Edelweiss increases floorspace with stacked approach to small living
Some tiny houses increase living space by going extra wide, others expand in size – either upwards or outwards. However, Romania's Cabini takes the Edelweiss in a novel direction by stacking one tiny house on top of another.
Structurally, the Cabini Edelweiss consists of a support frame made from square metal pipes. This is insulated with a PIR sandwich panel using Rockwool, and finished in a fiber cement facade with wooden detailing. It was built at the firm's headquarters as two separate units before being transported by truck to a picturesque site in Rasca, Valea Fericirii, in Romania.
It measures 36 sq m (387 sq ft), spread over two floors and its interior looks light-filled thanks to floor-to-ceiling glazing, which has integrated blinds for privacy. The furnishings and finish are to a high standard and Cabini has added an audio system by Bang & Olufsen, as well as Schueco aluminum fixtures – though as usual with these types of models, the idea is to work with the client to choose the type of materials and appliances they want.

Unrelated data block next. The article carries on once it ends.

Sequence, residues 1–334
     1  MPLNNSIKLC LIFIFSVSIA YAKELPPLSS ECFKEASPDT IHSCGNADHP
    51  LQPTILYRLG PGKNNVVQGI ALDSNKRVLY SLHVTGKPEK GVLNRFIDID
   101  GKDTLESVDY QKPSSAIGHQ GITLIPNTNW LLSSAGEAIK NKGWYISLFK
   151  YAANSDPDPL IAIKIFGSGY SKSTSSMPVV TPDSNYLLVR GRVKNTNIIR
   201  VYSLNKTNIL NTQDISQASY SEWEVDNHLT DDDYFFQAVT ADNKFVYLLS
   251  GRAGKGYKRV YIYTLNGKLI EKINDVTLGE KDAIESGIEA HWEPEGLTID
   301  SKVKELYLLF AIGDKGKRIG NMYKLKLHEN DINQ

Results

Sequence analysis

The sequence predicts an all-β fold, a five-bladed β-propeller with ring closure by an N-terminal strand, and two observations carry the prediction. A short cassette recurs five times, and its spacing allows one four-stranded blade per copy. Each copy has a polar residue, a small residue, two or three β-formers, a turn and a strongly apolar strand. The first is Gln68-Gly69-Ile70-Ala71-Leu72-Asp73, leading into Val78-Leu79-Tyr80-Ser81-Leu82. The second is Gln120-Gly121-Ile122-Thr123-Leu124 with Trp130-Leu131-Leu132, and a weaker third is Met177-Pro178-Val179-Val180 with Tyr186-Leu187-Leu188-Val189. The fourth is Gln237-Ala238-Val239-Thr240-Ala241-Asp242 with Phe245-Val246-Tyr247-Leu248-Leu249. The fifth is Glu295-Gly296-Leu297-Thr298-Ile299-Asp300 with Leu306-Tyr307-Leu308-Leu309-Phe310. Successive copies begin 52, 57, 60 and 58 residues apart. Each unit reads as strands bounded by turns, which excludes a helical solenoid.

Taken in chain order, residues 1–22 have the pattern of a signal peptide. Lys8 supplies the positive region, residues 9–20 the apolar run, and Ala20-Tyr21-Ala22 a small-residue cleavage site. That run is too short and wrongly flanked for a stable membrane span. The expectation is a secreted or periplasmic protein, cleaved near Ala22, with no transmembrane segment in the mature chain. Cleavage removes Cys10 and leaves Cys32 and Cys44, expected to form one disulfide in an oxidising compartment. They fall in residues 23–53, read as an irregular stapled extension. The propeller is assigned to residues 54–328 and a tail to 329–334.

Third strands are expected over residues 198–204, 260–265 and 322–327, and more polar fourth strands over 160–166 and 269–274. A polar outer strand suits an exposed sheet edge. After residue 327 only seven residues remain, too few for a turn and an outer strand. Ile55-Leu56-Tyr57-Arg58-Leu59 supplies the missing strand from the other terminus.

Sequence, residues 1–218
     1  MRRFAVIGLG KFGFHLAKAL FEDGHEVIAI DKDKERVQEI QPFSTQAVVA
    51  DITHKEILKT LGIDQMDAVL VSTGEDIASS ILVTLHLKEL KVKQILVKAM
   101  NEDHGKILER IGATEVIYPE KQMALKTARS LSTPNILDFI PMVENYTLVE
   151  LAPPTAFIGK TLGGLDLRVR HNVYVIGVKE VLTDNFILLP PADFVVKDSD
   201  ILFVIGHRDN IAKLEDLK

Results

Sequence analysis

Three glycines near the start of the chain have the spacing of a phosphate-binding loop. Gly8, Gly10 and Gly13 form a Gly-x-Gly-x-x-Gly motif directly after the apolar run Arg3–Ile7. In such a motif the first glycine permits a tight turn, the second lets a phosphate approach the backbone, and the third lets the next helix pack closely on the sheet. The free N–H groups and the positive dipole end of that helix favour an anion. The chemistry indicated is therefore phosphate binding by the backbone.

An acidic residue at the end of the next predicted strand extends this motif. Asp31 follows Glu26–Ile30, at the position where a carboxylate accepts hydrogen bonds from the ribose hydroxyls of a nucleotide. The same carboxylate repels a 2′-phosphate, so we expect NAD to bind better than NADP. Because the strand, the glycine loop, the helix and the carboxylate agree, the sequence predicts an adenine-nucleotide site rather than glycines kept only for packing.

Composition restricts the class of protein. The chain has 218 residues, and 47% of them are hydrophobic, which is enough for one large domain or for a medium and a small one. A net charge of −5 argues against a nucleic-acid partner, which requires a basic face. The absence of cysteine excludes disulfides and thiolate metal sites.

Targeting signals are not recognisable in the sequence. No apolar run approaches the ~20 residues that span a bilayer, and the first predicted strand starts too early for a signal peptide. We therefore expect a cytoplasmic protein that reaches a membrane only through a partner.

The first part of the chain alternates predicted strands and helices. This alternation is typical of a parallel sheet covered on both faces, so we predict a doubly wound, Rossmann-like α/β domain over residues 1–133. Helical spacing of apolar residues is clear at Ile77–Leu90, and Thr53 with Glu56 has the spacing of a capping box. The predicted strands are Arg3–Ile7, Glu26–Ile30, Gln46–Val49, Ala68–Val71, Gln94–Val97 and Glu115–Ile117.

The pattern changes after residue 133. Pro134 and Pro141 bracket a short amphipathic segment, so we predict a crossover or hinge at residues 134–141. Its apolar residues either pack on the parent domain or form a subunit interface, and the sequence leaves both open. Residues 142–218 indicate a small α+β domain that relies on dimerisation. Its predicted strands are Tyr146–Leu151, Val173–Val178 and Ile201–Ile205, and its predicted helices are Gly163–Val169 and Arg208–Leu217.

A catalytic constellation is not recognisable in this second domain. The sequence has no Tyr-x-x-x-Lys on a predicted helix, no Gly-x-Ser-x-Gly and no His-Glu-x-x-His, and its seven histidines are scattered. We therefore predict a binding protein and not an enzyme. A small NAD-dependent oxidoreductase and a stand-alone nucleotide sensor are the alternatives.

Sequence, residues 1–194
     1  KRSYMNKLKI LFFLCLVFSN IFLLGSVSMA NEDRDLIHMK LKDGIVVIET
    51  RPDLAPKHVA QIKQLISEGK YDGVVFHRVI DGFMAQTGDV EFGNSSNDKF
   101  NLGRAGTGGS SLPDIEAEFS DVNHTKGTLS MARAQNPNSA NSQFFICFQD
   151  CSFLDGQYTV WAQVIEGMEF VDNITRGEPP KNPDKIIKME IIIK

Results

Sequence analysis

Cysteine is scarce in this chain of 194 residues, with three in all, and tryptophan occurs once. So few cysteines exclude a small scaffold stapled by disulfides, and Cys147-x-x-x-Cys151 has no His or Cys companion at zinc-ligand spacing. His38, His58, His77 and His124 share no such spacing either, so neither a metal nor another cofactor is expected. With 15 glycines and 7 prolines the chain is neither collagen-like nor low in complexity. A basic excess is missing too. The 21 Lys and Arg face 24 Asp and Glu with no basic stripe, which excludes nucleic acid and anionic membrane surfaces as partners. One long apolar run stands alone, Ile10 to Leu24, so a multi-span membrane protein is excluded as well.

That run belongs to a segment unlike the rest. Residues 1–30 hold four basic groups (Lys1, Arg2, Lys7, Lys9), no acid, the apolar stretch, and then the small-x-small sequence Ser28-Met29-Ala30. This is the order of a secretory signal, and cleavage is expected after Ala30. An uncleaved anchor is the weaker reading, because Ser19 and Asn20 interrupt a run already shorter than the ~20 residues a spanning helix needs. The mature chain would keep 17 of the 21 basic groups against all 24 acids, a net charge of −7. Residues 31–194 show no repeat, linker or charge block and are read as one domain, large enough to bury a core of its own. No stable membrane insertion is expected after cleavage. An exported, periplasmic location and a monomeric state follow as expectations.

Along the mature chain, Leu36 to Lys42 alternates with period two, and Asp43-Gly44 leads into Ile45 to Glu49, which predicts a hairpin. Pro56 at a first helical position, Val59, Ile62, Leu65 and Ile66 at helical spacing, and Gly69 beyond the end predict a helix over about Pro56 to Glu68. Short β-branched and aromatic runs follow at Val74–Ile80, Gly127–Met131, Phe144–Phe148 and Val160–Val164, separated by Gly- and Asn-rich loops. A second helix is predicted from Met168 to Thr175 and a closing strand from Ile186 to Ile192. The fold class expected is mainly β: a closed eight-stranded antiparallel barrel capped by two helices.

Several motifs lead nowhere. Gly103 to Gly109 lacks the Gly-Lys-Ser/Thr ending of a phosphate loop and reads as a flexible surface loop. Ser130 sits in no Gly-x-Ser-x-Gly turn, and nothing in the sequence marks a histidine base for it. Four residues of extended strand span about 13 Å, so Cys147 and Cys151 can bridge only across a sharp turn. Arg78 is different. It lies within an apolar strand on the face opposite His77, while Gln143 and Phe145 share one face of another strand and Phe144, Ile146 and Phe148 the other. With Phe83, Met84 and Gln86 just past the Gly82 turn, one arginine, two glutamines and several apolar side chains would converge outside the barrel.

Much of the ground floor is taken up by a generously proportioned living room with seating and some storage space. Nearby is a kitchen with plenty of cabinet space, a sink, oven, and electric hotplate. The downstairs also contains the bathroom, which is finished in Neolith stone and has a shower, sink, and toilet.
A staircase leads to the upper floor. Most of this is taken up by a bedroom, which frames the view with generous glazing and, unlike most tiny houses, has plenty of room to stand upright. There's also a nice outdoor terrace area outside.
Cabini says that the price of the Edelweiss will vary depending on options chosen (buyers could opt just to have a single-floor unit, for example), but the model pictured costs US$100,000, including furniture and appliances. The firm says worldwide delivery is available and that it can also come as an off-the-grid setup with solar panels.